THE ART OF INCISING A SOUL
We have a problem. If we use
the knife too gently, thus removing only a part of the cancer, a part of the
cancer remains. But if we incise deeply, the suffering could drive the
patient to desperation and make him throw away bandage, remedy and all.
Giving the exact medicine could cause spiritual damage; giving less can also
cause ineffectiveness of the medicine. Effectiveness of the cure does not
depend only on the doctor and medicines but in the disposition of the
The disposition of the sinner
is important, lest, whilst wishing to mend what is torn, the rent is made
worse and, in our zeal to restore, the ruin might be greater. For weak and
careless characters, addicted for the most part to the pleasures of the
world and having occasions to be proud on account of birth and position, may
yet, if gently and gradually treated, be brought to repent of their errors.
A full discipline may deprive them of this slight chance of amendment. For
when a soul is badly handled, it lapses into a callous condition, yielding
neither to kindly words nor threats nor susceptible to gratitude.
And so, a priest must have a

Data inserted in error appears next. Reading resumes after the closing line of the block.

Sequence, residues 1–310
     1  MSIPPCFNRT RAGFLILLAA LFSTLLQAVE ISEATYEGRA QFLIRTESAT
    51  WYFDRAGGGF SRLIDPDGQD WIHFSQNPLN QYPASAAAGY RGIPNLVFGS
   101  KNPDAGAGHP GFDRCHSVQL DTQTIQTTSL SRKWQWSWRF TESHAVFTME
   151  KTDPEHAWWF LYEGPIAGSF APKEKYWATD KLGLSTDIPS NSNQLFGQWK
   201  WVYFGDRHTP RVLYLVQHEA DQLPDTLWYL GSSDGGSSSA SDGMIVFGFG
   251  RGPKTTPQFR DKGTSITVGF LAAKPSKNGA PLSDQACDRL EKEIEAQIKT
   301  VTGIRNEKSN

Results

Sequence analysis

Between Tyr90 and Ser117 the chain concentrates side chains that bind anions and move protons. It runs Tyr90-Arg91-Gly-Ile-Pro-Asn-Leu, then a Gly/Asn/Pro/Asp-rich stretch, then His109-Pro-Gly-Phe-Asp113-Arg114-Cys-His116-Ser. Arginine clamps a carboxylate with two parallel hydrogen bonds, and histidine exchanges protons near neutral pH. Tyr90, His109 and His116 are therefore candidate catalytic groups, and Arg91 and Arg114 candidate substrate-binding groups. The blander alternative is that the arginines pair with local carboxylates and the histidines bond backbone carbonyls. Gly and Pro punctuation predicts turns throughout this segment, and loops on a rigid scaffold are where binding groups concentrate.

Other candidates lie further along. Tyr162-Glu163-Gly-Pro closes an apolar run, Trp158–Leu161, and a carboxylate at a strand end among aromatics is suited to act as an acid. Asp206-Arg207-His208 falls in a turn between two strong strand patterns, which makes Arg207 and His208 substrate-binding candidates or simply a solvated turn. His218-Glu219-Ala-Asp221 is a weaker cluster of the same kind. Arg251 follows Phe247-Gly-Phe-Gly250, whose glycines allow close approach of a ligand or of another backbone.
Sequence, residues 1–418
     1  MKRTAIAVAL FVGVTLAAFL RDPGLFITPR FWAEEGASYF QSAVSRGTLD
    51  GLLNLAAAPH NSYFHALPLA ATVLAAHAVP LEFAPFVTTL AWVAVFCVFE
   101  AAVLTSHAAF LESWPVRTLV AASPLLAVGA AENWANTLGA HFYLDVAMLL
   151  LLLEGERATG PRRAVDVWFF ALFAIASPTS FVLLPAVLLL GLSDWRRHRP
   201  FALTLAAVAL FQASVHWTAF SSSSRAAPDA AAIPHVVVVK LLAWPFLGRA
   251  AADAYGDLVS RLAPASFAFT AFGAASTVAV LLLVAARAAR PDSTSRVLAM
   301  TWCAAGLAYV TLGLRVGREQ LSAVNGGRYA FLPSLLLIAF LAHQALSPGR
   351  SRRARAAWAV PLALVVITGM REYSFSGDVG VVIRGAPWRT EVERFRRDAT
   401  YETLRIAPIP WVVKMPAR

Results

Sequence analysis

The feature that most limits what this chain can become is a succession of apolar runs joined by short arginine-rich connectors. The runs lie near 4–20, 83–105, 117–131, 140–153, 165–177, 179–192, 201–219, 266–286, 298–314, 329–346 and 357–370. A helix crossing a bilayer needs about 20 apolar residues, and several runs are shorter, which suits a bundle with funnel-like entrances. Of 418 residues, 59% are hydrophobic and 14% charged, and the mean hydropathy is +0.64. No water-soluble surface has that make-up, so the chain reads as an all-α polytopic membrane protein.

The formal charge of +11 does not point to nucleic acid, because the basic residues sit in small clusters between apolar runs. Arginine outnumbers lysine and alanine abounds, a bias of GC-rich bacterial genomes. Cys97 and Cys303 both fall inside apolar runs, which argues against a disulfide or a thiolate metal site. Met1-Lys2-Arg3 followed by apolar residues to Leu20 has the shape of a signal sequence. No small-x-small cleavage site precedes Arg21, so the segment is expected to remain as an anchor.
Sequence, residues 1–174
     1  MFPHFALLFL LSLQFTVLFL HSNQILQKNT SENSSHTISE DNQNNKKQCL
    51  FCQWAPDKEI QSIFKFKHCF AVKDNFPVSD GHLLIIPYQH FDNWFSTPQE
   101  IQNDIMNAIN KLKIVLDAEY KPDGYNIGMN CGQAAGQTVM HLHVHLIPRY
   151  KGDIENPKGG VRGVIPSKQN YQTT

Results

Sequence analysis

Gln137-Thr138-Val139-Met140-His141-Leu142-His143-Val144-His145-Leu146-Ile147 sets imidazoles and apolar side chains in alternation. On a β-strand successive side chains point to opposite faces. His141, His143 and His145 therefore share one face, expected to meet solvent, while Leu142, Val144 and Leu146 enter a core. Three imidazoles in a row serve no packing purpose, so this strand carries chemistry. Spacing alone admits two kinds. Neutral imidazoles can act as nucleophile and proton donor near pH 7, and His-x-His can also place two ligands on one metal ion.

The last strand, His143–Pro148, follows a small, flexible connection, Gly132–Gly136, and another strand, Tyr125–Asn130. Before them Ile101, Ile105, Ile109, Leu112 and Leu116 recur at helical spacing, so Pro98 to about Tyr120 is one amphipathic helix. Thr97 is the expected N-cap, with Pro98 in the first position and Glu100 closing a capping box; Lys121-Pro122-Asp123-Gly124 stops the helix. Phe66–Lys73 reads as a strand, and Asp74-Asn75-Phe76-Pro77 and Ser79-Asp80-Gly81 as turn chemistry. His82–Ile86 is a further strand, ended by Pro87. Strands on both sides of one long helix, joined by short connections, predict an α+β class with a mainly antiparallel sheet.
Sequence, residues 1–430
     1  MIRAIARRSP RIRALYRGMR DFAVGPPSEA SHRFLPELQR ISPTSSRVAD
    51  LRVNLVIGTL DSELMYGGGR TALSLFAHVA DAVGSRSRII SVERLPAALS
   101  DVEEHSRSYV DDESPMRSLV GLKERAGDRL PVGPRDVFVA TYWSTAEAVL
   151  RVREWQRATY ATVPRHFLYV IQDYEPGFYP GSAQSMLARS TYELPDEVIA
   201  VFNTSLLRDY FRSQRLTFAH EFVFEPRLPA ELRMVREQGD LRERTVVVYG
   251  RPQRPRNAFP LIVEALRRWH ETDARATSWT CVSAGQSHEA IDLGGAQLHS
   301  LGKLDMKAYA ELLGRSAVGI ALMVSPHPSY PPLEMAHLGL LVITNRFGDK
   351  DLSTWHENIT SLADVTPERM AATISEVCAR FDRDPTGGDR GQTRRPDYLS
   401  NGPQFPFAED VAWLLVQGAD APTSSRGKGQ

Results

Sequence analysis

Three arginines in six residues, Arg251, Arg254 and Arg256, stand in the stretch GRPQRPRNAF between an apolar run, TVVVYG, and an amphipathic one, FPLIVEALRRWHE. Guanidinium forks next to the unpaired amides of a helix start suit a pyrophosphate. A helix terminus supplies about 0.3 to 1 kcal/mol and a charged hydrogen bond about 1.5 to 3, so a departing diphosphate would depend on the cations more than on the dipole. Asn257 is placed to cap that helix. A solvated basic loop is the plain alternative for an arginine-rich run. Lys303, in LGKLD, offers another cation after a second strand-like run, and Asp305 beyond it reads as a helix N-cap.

thousand eyes to see all these nuances. Otherwise, his zeal is in vain. When
a shepherd sees his sheep go astray, a loud shout suffices to bring him
back. But not so for the shepherd of souls. The right faith, great
exertion, perseverance and patience are required. For the patient
cannot be dragged back by force, nor constrained by fear; he must be led
back by persuasion to the truth from which he originally swerved.
The priest must not despair
for the salvation of such wanderers for it is God who gives repentance to
the acknowledgment of the truth. To be saved, one needs self-discipline; to
tend Christ's flock one needs more than self-discipline.
St. John Chrysostom: Treatise
Concerning the Christian Priesthood